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Is new funding structure needed as Metro braces for cutbacks?

The Cincinnati region’s primary transit operator, Metro, is citing that due to the ongoing recession and a drop in city tax revenue that less service is in the cards. Metro says that they are “bracing for extremely difficult decisions in the coming months,” and that they are working with several different entities analyzing options to remedy the situation.

This funding problem is one not unique to Cincinnati’s Metro as many major transit agencies across the nation are currently considering service reductions, fare increases or both to help address their budget deficits.

View United States of Transit Cutbacks in a larger map

Loss of funding:
Nearly half of Metro’s $94.6 million operating budget comes from the allocated 3/10 of 1 percent of the city of Cincinnati’s earnings tax. This earnings tax is projected to be some $2 million to $3 million less than originally anticipated. “The exact decrease is not yet known, but Metro is working with the City on alternatives,” says Metro who anticipates a $2 million to $3 million funding reduction by 2010.

Another problem is that fare revenues are projected to be some $3 million to $5 million less than anticipated. These losses are attributed to the nearly 10 percent unemployment rate (fewer workers = fewer commutes) and recent actions by Cincinnati City Council that limited revenue growth by $600,000.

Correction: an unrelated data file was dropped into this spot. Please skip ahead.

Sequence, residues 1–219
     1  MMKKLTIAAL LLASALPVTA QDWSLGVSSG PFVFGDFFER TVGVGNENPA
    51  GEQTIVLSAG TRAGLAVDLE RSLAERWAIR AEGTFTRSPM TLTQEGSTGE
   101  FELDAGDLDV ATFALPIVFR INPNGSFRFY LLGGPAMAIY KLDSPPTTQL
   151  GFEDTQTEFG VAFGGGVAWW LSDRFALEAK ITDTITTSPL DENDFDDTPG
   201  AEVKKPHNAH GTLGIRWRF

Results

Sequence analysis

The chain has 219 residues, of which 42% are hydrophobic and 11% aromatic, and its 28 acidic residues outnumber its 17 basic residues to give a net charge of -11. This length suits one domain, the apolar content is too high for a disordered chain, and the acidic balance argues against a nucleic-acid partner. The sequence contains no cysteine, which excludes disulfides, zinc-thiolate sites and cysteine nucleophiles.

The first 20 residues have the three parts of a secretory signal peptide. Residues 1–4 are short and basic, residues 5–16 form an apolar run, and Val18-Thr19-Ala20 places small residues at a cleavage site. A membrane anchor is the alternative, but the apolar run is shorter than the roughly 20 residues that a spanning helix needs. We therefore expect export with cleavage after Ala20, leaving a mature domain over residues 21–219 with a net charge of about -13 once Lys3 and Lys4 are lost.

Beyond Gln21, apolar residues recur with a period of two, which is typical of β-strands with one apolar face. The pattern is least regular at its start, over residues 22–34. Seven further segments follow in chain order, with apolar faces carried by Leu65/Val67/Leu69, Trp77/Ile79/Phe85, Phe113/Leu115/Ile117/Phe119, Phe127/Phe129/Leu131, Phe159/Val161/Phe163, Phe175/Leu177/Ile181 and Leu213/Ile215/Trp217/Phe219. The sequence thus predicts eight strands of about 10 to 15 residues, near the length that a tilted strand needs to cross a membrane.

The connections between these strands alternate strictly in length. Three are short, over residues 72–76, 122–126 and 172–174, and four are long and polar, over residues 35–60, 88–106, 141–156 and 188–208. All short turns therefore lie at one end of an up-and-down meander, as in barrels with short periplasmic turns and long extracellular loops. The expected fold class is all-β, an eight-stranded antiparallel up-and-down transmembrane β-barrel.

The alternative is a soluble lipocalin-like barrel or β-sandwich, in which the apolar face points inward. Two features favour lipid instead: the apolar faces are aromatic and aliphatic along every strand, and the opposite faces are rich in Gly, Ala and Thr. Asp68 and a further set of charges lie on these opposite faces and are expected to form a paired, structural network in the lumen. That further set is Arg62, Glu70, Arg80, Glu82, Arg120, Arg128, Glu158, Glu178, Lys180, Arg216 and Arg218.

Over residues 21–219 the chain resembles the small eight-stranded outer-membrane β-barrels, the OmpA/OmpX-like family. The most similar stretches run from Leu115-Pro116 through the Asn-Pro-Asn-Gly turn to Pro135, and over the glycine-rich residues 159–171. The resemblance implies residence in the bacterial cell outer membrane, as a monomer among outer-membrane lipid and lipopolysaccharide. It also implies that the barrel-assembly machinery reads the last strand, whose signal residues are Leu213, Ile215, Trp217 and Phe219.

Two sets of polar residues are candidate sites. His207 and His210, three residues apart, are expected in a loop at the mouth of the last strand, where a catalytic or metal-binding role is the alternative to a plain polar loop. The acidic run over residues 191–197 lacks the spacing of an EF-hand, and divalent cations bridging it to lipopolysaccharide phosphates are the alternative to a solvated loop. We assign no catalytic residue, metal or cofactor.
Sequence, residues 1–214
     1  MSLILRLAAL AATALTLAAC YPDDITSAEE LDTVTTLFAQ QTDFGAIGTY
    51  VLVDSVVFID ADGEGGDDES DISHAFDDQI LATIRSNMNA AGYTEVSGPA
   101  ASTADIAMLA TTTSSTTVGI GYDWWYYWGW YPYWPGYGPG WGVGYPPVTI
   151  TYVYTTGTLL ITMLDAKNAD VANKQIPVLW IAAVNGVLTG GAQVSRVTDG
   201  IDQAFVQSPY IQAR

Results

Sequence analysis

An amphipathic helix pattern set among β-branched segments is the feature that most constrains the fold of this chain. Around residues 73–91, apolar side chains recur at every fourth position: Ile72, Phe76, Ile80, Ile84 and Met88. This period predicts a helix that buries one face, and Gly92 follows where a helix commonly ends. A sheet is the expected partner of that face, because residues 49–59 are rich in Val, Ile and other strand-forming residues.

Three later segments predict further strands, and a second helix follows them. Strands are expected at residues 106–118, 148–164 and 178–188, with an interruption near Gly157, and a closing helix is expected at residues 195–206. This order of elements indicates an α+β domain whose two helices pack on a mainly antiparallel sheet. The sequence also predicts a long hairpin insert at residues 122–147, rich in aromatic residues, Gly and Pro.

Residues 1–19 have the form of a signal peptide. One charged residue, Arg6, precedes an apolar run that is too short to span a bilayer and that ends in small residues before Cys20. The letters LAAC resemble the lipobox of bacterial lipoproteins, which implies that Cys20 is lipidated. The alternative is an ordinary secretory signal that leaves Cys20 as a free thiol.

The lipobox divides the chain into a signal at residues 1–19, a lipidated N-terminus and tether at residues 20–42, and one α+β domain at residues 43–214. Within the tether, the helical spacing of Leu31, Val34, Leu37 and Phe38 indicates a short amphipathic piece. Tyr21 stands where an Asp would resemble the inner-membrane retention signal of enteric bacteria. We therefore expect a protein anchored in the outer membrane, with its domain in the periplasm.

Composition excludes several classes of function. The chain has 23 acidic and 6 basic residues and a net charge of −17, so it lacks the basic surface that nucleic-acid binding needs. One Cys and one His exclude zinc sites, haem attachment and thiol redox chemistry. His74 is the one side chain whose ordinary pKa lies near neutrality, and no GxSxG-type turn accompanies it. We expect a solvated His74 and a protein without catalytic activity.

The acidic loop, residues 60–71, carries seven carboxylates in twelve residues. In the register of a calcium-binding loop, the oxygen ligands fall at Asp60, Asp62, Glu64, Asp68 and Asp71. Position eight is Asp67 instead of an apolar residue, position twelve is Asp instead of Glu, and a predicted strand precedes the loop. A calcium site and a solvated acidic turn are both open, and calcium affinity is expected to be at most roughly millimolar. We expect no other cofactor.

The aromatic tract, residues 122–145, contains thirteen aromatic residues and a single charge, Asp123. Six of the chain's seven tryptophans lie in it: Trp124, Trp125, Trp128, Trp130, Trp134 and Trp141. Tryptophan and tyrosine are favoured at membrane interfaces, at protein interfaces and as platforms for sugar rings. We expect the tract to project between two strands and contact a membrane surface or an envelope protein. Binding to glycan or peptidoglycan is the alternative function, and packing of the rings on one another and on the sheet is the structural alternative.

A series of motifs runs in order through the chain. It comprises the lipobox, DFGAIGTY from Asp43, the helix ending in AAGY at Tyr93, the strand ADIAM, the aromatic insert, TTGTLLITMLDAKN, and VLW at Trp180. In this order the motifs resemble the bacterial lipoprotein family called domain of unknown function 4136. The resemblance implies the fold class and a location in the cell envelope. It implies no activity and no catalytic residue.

On top of all this, Metro has been notified that it will see a $137,000 funding reduction from the State of Ohio for elderly and disabled fare subsidies, and a $233,000 funding reduction from Hamilton County that would help provide service for people with disabilities.

What to do:
So far Metro has already done a number of things to help reduce costs including the restriction of non-essential travel; shortened call center hours; reduced printing transfers, system maps, bus schedules, brochures and newsletters; increased fares and pass prices; and even reduced service 3 percent in March and May.

But what else can be done that would preserve the service of essentially the sole transit system in a metropolitan region of 2 million plus people?

One of Metro’s diesel-electric hybrid buses – image from Metro

It is already being seen that the vast majority of stimulus money going towards transportation projects is going towards roadway projects and not transit. It has also been seen that many view mass transit as a luxury item rather than a necessary component of a metropolitan area’s transportation network.

Metro is additionally challenged as the vast majority of its funding comes from one entity even though they serve a much larger area. A new regional transit authority was pitched by former councilman John Cranley as he was leaving office, and approved last October, but not much has happened since.

A regional funding structure would not only diversify Metro’s funding sources, but it would also create a shared funding responsibility amongst the communities served by Metro. At the same time a regional transit board should be created that would operate one single transit authority (including Nky). This would reduce overhead costs and make for a more streamlined authority that could experience economies of scale within the workplace. This structure would also result in a comprehensive system that could be managed at a regional level instead of pieced together at a more micro level.

By Randy A. Simes

Randy is an award-winning urban planner who founded UrbanCincy in May 2007. He grew up on Cincinnati’s west side in Covedale, and graduated from the University of Cincinnati’s nationally acclaimed School of Planning in June 2009. In addition to maintaining ownership and serving as the managing editor for UrbanCincy, Randy has worked professionally as a planning consultant throughout the United States, Korea and the Middle East. After brief stints in Atlanta and Chicago, he currently lives in the Daechi neighborhood of Seoul’s Gangnam district.